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Crowd Sourced Website Quality Assurance
How to get your customers to do the work for you.

by Glen Emerson Morris
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The browser war going on between Chrome and Firefox may be a hit with consumers, but it's sure making life difficult for anyone working in Website quality assurance these days. By the time most companies finished testing Firefox 4.0, 5.0 was already out, along with a beta of 6.0, and an early version of Firefox 7.0. Since each version of the browser needs to be tested on three Windows platforms to make sure the Website appears and functions properly, the total number of combinations needing testing exceeds the resources of most businesses, large or small.

The biggest quality assurance problem facing online advertisers these days isn't making sure their new Websites work. It concerns making sure their current Website works with all the new browsers coming out, and that's not easy. Different browsers tend to draw things differently, and sometimes badly. So browser appearance problems are common. Functionality problems are also common because different browsers handle code somewhat differently, and these days Web pages tend to be full of lots of code.

There are several solutions to the testing issue, most involve paying thousands of dollars to a variety of testing firms. An alternative is the crowd source (aka Tom Sawyer approach) which is to somehow get your customers to do the work for you. It's amazing how well this kind of program can work.

To implement a crowd source (aka free) browser testing program, all you'd have to do would be to recruit a limited number of computer savvy customers, perhaps between 30 and 50, and provide some kind of reward for committing to test the Website every time a new browser comes out. The volunteer testers should be provided with a basic set of steps to navigate through the Website, and a way to report and appearance or functionality issues. The volunteer testers could be rewarded on the basis of number of problems found, with rewards being discounts on company products and services, or promotional items with the company's logo on them.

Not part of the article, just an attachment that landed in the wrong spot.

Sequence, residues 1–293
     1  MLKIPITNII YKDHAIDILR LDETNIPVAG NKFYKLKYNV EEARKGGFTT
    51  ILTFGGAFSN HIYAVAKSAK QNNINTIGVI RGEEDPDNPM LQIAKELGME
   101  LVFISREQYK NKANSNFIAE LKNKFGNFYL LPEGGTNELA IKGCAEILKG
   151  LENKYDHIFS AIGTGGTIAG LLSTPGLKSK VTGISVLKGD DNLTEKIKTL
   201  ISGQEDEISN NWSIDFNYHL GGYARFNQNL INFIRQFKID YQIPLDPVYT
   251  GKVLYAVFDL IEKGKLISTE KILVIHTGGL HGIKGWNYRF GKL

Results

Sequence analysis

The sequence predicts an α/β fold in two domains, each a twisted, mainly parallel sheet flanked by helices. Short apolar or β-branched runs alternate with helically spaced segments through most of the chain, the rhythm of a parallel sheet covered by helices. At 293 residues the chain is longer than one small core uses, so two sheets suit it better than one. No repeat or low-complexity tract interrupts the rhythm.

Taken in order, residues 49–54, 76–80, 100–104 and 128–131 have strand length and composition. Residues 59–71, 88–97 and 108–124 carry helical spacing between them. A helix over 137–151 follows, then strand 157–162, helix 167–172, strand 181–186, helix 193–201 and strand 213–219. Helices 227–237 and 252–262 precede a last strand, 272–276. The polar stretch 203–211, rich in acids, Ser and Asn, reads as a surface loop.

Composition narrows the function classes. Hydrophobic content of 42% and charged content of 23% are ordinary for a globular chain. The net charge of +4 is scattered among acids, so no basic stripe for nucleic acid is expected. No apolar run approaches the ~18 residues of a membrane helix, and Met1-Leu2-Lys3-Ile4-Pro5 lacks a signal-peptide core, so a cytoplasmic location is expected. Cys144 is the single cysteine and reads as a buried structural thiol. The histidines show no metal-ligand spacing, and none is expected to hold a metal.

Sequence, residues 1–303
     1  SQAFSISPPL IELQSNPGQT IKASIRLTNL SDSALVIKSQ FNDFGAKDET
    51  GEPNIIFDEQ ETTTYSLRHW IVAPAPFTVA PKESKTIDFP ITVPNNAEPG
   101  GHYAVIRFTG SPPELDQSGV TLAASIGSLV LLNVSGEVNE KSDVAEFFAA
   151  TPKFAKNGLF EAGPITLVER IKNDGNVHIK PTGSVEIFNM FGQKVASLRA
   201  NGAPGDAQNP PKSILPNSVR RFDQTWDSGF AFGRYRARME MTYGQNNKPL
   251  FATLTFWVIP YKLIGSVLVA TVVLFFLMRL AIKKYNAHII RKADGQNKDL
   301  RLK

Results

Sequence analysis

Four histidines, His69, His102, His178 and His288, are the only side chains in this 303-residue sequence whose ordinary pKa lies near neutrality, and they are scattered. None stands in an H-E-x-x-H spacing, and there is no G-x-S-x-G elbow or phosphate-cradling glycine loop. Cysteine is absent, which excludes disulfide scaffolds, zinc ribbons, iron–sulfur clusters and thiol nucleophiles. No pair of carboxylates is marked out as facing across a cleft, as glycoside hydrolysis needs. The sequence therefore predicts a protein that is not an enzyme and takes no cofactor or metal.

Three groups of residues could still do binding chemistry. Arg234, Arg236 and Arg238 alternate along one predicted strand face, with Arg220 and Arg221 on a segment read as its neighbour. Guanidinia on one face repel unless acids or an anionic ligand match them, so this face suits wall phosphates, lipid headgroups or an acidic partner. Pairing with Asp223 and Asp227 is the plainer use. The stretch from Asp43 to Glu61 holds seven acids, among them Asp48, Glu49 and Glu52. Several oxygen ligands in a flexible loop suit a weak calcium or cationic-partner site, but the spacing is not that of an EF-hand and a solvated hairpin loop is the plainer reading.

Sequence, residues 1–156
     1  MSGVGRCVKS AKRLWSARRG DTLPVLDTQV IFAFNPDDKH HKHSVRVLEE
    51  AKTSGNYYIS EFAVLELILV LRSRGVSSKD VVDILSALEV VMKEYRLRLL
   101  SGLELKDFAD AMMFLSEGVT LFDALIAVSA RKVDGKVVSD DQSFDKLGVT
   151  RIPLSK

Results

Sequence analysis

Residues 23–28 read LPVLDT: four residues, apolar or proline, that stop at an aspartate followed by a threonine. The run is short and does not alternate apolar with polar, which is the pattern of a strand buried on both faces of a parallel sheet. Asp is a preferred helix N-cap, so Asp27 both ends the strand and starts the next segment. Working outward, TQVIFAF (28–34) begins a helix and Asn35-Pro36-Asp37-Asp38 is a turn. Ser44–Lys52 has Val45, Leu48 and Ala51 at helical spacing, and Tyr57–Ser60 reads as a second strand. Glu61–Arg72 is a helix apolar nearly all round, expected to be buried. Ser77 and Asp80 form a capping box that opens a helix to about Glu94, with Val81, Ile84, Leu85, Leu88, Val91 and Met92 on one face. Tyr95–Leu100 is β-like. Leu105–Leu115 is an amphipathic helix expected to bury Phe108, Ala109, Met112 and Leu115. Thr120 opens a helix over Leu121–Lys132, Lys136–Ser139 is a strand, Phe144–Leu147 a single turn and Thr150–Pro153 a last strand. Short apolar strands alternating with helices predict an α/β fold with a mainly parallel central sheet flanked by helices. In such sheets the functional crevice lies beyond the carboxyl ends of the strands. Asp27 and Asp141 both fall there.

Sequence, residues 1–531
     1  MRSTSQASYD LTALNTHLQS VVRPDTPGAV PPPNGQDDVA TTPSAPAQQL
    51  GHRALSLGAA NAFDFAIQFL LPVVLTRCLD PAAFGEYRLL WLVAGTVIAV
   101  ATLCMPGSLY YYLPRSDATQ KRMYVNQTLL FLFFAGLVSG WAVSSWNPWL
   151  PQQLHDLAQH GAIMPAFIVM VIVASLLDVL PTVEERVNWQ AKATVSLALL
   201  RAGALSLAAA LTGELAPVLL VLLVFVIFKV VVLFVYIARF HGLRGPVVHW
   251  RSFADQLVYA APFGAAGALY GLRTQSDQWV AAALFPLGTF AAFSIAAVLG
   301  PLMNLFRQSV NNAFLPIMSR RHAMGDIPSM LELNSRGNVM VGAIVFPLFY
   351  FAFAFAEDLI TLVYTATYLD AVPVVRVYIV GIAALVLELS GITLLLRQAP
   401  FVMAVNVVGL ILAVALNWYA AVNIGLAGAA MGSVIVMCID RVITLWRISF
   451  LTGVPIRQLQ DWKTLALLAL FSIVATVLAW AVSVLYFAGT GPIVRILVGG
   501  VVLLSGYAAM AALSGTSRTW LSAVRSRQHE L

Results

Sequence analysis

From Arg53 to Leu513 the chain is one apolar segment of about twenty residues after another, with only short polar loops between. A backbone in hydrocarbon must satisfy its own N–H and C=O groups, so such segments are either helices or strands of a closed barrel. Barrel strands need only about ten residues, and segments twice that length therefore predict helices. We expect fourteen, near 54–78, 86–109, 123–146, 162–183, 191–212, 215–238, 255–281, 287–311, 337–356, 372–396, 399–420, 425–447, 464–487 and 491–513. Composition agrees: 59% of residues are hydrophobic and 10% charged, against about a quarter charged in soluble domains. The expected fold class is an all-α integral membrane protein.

The best place to start searching for volunteer testers is your company's Website logs and sales records Best customers are always the best testers for functionality issues since they use the functionality of you Website on a regular basis. This familiarity will make them the more likely to notice issues. Appearance testers don't have to be your best customers. They just have to have the right equipment to be able to notice appearance problems on your Website and willing to report them. Websites track what browser and OS a person is logging on with, so you find people to recruit with exactly the browser/OS combinations you need to have tested.

Once you have a list of potential volunteer testers, send them an email or equivalent asking for their help in testing your company's Website. You could also post a notice somewhere on your site asking for volunteers and possibly post a page or two with details about what kinds of problems you want reported.

If you'd like to avoid the work of recruiting volunteer testers you could just add a method for customers to report browser/OS related problems on your Website. It would be nice to have a wiki based system that could allow customers to enter problems into forms that encouraged all the right information was collected form the customer. These days there are bug reporting modules you can add to several of the canned Websites, like Joomla and Drupal. These modules are usually easy to install, and provide a basic framework you can expand on as needed.